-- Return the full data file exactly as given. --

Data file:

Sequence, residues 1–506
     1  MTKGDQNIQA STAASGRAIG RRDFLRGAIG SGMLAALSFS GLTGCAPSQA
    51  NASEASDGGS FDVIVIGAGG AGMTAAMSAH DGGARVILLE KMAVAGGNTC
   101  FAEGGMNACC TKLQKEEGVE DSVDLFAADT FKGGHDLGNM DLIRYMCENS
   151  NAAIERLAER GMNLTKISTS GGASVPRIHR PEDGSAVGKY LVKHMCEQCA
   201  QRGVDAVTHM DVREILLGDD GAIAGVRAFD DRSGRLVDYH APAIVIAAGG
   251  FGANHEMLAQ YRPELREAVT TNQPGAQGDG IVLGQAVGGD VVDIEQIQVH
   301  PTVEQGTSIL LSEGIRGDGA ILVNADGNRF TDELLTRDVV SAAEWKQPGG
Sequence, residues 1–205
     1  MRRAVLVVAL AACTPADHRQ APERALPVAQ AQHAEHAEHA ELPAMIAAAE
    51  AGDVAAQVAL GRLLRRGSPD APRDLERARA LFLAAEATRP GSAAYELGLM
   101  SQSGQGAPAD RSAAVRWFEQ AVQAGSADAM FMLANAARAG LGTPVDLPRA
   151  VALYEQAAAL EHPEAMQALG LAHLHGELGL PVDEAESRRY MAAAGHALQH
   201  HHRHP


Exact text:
Sequence, residues 1–506
     1  MTKGDQNIQA STAASGRAIG RRDFLRGAIG SGMLAALSFS GLTGCAPSQA
    51  NASEASDGGS FDVIVIGAGG AGMTAAMSAH DGGARVILLE KMAVAGGNTC
   101  FAEGGMNACC TKLQKEEGVE DSVDLFAADT FKGGHDLGNM DLIRYMCENS
   151  NAAIERLAER GMNLTKISTS GGASVPRIHR PEDGSAVGKY LVKHMCEQCA
   201  QRGVDAVTHM DVREILLGDD GAIAGVRAFD DRSGRLVDYH APAIVIAAGG
   251  FGANHEMLAQ YRPELREAVT TNQPGAQGDG IVLGQAVGGD VVDIEQIQVH
   301  PTVEQGTSIL LSEGIRGDGA ILVNADGNRF TDELLTRDVV SAAEWKQPGG
Sequence, residues 1–205
     1  MRRAVLVVAL AACTPADHRQ APERALPVAQ AQHAEHAEHA ELPAMIAAAE
    51  AGDVAAQVAL GRLLRRGSPD APRDLERARA LFLAAEATRP GSAAYELGLM
   101  SQSGQGAPAD RSAAVRWFEQ AVQAGSADAM FMLANAARAG LGTPVDLPRA
   151  VALYEQAAAL EHPEAMQALG LAHLHGELGL PVDEAESRRY MAAAGHALQH
   201  HHRHP